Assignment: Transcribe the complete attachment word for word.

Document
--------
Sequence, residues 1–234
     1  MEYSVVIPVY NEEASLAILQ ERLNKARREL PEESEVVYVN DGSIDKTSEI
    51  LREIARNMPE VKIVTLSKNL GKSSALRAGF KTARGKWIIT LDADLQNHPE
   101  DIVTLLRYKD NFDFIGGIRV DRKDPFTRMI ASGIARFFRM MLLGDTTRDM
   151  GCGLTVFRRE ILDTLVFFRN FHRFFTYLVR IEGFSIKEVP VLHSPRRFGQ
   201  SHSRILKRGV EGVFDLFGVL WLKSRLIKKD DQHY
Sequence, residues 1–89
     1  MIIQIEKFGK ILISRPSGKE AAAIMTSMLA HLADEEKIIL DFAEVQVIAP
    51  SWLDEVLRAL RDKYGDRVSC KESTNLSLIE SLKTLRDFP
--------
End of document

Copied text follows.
Sequence, residues 1–234
     1  MEYSVVIPVY NEEASLAILQ ERLNKARREL PEESEVVYVN DGSIDKTSEI
    51  LREIARNMPE VKIVTLSKNL GKSSALRAGF KTARGKWIIT LDADLQNHPE
   101  DIVTLLRYKD NFDFIGGIRV DRKDPFTRMI ASGIARFFRM MLLGDTTRDM
   151  GCGLTVFRRE ILDTLVFFRN FHRFFTYLVR IEGFSIKEVP VLHSPRRFGQ
   201  SHSRILKRGV EGVFDLFGVL WLKSRLIKKD DQHY
Sequence, residues 1–89
     1  MIIQIEKFGK ILISRPSGKE AAAIMTSMLA HLADEEKIIL DFAEVQVIAP
    51  SWLDEVLRAL RDKYGDRVSC KESTNLSLIE SLKTLRDFP